The member states agreed to fix their exchange rate by pegging their currencies to the U.S. dollar. This was the basis on which free international trade and postwar reconstruction was built. The US linked the dollar to gold – $1 was as good as 35 oz. of bullion.

In 1971, US President Richard Nixon severed the dollar’s link to gold to prevent a run on Fort Knox; the US gold reserves were sufficient to cover barely a third of the dollars in non-American hands. The Bretton Woods system collapsed as a result. Over the next two years most economies let their currencies float freely against the dollar. The transition saw falling stock prices, skyrocketing oil prices, bank collapses and inflation.

After the collapse of the fixed exchange rate system it was set up to administer, the IMF reinvented itself as a rescue lender to governments with balance of payments and other financial crises. It’s been accused of following different yardsticks when providing bailouts and prescribing structural adjustments for the white-people countries (a case cited is its approach to Greece after the global financial crisis and hiding fiscal vulnerabilities triggered the Greek sovereign debt crisis, which increased risks for the entire euro zone) versus stringent conditionalites elsewhere.

The willingness of the US government to host the Bretton Woods conference of 1944, to commit to becoming the principal creditor, and to accommodate the needs of other countries, gives the IMF and the World Bank a certain history.

China, particularly its state-led Belt and Road Initiative, has now eclipsed the World Bank and the IMF as a source of development credit for countries. (Although loans for more than $59 billion have had to be renegotiated since the Covid breakout with countries struggling against mounting debt distress.)

This isn’t surprising, given the nucleus of global growth is shifting away from the west to Asia, specifically China and India, and geopolitics is changing too.

The West has refused to increase the quotas of the IMF and voting rights in the World Bank in proportion with the changed economic weights of countries such as China and India. It’s only natural then that multilateralism is given a new anchor reflecting the new emerging global economy. The world needs new champions of multilateralism. Instead of Washington, the new symbol of multilateralism ought to be in India or China.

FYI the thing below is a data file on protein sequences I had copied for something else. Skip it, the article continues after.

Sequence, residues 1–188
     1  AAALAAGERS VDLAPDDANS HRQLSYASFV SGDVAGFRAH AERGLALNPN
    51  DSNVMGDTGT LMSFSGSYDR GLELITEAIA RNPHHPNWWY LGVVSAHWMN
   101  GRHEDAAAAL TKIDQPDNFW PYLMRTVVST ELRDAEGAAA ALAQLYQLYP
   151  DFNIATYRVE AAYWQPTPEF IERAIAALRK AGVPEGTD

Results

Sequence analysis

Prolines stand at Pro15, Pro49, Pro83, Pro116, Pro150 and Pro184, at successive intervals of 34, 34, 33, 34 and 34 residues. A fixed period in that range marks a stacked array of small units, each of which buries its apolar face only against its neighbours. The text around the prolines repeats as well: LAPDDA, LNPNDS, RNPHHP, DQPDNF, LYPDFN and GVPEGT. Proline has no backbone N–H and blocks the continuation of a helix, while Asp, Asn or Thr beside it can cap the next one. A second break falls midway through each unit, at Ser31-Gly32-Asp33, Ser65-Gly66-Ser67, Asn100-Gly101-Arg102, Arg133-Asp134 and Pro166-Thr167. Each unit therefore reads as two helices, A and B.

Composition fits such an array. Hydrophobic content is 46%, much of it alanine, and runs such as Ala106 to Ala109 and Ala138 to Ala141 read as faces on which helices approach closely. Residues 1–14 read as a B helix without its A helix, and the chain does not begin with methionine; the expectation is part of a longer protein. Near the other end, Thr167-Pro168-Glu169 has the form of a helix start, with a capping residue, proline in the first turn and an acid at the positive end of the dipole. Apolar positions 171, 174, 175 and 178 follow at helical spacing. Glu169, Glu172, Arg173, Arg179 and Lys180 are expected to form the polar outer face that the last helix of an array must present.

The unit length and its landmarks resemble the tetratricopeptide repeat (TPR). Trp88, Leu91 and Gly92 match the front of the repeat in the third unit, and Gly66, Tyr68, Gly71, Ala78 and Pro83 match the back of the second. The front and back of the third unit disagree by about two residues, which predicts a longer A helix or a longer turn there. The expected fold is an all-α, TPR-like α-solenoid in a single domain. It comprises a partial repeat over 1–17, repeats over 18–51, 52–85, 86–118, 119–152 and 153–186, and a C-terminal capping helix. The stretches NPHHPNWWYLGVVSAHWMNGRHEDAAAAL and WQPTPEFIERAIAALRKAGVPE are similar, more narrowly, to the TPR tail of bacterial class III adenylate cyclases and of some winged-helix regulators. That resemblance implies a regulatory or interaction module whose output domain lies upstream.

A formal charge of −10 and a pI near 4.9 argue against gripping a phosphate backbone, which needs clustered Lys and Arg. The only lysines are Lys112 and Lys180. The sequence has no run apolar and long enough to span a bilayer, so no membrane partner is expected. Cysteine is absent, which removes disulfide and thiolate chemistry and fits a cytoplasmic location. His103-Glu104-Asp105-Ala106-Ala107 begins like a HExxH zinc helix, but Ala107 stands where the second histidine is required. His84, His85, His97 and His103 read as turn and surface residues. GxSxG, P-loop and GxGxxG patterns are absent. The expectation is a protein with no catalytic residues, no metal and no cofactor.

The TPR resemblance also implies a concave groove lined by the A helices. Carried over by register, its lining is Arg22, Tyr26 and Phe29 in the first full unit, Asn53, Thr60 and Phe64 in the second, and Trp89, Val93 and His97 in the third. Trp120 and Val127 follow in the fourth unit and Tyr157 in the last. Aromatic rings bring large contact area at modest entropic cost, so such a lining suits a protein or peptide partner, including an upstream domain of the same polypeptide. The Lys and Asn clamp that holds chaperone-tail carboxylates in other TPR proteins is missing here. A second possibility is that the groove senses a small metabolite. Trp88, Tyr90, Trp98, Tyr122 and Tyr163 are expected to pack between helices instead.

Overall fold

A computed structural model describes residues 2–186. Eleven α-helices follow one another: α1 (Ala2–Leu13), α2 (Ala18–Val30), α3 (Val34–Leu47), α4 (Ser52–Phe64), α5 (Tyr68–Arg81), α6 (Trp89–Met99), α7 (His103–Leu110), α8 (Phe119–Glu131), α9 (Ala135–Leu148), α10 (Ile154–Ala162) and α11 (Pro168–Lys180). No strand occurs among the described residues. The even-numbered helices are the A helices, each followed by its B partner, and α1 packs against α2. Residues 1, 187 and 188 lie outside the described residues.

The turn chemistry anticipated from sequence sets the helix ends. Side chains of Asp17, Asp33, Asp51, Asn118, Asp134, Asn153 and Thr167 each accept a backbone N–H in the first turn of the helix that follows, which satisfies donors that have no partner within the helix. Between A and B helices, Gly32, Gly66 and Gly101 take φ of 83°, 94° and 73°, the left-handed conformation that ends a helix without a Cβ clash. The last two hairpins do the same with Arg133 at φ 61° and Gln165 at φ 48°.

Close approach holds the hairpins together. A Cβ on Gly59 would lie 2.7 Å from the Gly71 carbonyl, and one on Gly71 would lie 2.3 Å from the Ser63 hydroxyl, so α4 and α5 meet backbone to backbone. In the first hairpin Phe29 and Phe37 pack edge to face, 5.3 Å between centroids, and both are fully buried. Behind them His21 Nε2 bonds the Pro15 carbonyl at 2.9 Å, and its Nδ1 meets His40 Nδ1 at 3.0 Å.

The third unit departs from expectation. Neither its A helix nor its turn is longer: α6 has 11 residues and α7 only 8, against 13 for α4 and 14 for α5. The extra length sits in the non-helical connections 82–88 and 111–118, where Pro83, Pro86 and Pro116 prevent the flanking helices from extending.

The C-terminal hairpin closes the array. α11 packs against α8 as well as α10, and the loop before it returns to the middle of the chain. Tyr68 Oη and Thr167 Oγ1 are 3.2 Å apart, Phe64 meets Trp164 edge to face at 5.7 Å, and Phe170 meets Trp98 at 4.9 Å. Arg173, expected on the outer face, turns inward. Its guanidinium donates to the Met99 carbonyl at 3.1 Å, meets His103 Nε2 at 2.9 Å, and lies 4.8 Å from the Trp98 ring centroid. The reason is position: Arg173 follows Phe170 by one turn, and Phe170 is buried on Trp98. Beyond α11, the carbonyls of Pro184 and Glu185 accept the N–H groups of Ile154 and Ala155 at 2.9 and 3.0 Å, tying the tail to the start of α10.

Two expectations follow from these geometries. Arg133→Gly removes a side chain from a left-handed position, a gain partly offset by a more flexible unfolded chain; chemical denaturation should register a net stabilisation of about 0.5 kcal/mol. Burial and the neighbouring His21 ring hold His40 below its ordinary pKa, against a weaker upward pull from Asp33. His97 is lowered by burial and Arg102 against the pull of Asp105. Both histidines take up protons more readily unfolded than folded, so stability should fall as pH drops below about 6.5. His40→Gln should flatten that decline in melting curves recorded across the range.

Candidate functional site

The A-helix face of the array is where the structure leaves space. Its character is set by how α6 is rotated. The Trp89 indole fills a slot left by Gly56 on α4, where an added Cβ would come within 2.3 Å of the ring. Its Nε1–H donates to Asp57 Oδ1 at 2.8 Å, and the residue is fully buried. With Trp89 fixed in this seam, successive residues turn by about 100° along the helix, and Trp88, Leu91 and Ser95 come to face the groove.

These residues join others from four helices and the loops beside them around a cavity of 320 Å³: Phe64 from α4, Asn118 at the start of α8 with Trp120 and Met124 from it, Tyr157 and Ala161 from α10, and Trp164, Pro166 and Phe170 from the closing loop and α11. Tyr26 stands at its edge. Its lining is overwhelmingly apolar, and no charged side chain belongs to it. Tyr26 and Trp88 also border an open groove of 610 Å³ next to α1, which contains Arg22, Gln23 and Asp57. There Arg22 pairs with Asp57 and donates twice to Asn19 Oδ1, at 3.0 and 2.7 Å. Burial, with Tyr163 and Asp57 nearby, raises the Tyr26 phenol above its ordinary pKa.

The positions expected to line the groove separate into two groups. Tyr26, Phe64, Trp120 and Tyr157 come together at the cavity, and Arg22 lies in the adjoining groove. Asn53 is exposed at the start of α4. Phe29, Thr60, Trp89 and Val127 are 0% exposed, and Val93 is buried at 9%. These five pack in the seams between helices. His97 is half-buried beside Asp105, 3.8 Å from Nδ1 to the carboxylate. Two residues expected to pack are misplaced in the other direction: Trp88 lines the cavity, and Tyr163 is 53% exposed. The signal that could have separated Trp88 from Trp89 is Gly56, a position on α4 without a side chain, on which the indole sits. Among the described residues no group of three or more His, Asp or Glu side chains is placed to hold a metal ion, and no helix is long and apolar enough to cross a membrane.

The Shanghai headquartered Brics-led New Development Bank, is the crisis lender led by emerging markets aspires to rival the IMF. India’s K. V. Kamath was its first President from 2015-2020.

The Beijing-based Asian Infrastructure Investment Bank (AIIB) was conceived as a China-led alternative to the World Bank and other western-led multilateral institutions that have long dominated development lending.

It represents the rise of Asia, where all the global economic dynamism now is, but accepts membership from any country. It has 105 members. Of which India is the second largest shareholder and Russia the third. Yet, the AIIB has not toed the China or India line on Russia’s war in Ukraine. The US and Japan are not AIIB’s members. But the UK, France, Australia and South Korea are.

Head of AIIB Jin Liqun was in Delhi recently where he met finance minister Nirmala Sitharaman, who called for an expansion of operations in India. Liqun told the FT in an interview that AIIB is working to increase financing to more than $10bn in each of the three years to the end of 2025 from a total of $36bn, and plans to redouble efforts to support infrastructure projects aimed at mitigating climate change and also to align itself more clearly with the private sector. By 2030, some 50 per cent of the loan book would be to the private sector, up from around 25 per cent now.

Instead of focusing on the old global economic order’s institutions, the agenda for the G20 should be to get the new institutions such as AIIB and NDB to have offices in India and become the new IMF and the World Bank in the new global economy.